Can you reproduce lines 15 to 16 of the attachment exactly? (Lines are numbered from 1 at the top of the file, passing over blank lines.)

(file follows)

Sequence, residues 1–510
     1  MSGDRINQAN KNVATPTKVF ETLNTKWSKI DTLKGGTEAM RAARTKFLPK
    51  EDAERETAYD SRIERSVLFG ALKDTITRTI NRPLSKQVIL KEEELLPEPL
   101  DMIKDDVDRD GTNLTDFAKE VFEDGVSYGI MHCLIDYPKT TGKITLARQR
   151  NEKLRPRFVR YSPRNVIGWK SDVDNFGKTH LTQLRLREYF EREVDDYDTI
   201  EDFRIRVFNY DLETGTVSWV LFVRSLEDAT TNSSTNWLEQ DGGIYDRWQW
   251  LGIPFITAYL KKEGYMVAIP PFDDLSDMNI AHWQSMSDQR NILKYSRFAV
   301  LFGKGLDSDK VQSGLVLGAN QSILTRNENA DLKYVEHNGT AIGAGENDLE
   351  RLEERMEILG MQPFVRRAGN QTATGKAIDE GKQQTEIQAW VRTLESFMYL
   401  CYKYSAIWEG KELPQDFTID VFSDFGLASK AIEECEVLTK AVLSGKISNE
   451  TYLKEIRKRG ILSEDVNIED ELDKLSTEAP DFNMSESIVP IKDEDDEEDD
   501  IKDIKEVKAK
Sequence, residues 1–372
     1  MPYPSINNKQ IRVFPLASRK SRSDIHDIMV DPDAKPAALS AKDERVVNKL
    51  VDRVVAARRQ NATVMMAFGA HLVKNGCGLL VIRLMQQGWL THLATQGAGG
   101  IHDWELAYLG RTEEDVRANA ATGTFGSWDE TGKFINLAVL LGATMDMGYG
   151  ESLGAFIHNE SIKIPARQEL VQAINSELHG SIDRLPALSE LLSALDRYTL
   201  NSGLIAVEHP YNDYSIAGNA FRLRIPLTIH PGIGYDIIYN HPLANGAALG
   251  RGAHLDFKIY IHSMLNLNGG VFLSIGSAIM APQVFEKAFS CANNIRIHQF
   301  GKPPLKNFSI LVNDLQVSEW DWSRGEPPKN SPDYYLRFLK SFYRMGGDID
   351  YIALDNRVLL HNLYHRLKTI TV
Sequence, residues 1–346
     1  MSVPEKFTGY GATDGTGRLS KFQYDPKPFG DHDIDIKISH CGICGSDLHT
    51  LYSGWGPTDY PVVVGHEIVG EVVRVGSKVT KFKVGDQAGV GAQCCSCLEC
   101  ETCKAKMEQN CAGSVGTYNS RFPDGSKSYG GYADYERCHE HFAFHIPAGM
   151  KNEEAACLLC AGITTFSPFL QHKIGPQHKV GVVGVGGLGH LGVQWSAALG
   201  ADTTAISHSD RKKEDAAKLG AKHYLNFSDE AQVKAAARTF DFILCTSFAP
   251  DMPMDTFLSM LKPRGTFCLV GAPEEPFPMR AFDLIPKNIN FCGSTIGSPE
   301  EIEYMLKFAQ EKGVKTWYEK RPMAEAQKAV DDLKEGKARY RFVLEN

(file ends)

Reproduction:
    51  VDRVVAARRQ NATVMMAFGA HLVKNGCGLL VIRLMQQGWL THLATQGAGG
   101  IHDWELAYLG RTEEDVRANA ATGTFGSWDE TGKFINLAVL LGATMDMGYG